Hasidic reggae artist Matisyahu has created a niche for his music where none before existed. Imbuing his music with spirit and faith without didactically preaching his beliefs, he’s managed to show another side of both the Jewish community and the reggae community without compromising either.
With a new album, Light, already recorded, and a preview EP, Shattered, to be released a day before his Indianapolis show, I spoke to a very enthused Matisyahu the day after he returned from a visit to Israel.
NUVO: How was Israel?
Matisyahu: It was amazing. I was there for Rosh Hashanah/Yom Kippur.
NUVO: Have you seen the openness of your religion influence other artists?
Matisyahu: To a certain degree. Kids come up to me in different towns and say, “You know, I’m Jewish, I’m Christian, or whatever it is and it’s been inspirational to see an artist stick to their guns in terms of their religious identity, and be able to cross over, to not have to be afraid and try to hide that aspect of themselves.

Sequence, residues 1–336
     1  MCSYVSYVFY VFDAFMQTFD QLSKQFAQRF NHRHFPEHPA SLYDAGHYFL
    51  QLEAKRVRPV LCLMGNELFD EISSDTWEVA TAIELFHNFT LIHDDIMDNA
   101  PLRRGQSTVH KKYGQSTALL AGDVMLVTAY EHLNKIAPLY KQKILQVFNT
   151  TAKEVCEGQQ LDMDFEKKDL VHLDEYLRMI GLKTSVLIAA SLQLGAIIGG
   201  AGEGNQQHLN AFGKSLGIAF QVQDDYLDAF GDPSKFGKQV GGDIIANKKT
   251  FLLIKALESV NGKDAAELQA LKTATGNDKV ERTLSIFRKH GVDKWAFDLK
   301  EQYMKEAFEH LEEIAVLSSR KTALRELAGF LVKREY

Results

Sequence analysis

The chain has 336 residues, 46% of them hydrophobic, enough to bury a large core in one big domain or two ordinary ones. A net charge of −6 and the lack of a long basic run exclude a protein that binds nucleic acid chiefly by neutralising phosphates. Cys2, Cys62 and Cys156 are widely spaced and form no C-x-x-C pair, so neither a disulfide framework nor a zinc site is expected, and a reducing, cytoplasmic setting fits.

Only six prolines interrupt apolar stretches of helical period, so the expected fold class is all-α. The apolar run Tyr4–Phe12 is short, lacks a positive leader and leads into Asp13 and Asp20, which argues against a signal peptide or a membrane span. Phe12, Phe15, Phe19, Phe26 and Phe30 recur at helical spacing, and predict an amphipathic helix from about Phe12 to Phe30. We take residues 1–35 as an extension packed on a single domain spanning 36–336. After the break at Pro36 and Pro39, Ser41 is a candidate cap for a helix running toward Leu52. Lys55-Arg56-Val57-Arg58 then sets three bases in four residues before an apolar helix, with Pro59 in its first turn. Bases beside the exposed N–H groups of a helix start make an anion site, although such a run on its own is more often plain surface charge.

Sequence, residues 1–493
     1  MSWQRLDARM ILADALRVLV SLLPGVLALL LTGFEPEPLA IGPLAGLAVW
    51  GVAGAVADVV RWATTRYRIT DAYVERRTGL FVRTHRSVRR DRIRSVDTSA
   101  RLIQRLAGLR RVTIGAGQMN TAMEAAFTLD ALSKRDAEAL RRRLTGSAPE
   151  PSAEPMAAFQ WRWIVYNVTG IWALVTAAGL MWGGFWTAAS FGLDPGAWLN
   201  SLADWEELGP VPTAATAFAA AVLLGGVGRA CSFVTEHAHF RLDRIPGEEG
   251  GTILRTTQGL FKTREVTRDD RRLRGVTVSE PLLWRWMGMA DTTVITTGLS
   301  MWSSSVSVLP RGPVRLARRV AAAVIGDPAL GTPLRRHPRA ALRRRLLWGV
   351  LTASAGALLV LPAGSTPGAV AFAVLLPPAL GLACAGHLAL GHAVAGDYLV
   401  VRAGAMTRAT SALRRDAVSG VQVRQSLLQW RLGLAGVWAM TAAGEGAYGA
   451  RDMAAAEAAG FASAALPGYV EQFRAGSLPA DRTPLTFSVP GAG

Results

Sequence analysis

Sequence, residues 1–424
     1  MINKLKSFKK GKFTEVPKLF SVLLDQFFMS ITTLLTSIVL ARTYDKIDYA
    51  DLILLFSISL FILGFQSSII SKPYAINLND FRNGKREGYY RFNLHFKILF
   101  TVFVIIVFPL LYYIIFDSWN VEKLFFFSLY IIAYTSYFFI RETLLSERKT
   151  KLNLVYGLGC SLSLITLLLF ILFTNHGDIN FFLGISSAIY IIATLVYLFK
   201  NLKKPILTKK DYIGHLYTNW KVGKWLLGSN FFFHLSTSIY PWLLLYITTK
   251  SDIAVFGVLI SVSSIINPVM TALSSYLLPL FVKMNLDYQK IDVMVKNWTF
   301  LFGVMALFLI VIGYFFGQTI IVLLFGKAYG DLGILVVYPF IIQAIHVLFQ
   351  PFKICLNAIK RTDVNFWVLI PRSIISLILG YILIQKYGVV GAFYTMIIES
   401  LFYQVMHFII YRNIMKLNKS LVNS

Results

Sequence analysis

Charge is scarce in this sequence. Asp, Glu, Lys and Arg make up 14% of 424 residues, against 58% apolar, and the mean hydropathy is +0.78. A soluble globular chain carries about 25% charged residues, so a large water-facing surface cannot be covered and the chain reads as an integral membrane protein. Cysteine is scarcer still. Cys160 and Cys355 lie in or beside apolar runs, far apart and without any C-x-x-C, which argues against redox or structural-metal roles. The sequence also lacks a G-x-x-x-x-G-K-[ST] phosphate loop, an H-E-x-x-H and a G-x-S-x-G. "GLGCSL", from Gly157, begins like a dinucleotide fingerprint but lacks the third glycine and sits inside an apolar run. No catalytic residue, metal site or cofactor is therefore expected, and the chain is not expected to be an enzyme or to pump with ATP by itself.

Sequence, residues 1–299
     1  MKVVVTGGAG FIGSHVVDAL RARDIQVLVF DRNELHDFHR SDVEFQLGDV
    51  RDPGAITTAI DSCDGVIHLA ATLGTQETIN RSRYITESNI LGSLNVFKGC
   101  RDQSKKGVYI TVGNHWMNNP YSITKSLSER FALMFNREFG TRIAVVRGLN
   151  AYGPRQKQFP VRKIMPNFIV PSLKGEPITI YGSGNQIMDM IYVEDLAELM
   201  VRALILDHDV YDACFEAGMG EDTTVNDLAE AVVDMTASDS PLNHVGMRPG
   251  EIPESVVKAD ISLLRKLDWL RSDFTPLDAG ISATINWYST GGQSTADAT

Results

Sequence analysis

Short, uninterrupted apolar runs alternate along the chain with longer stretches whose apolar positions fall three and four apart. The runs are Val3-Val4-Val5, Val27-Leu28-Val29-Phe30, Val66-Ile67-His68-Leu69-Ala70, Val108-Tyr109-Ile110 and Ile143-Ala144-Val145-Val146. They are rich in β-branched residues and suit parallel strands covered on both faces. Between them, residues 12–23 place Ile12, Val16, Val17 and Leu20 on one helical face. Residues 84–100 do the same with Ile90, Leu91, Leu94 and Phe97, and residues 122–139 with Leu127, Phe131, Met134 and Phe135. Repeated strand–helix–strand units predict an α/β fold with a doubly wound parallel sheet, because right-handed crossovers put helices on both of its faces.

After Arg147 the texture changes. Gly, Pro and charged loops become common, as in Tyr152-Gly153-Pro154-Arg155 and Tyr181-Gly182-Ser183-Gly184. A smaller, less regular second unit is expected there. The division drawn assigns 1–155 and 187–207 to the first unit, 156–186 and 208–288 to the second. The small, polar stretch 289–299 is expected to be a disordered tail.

NUVO: How do you balance the family life, your faith, and touring all together?
Matisyahu: Well, it’s a juggling act. You constantly have to remind yourself what’s important, and have perspective. I try to stay on top of my game, and be there for my kids when they need me, and remain fully in the music, too.
NUVO: How is your music received by the Hasidic community?
Matisyahu: It depends on which part of the community. A lot of the ultra-orthodox community isn’t really even listening to any kind of modern music. There’re different levels of religiosity in the Hasidism. There’s certainly many Hasidic Jews who are coming to the shows and drawing inspiration from the music.
NUVO: Will you be playing new material at the show?
Matisyahu: For sure! We’ve got 16 new songs. As a band we’re feeling them out. I’m really happy with the recording. What I do live, it will be different. The songs take on a life of their own.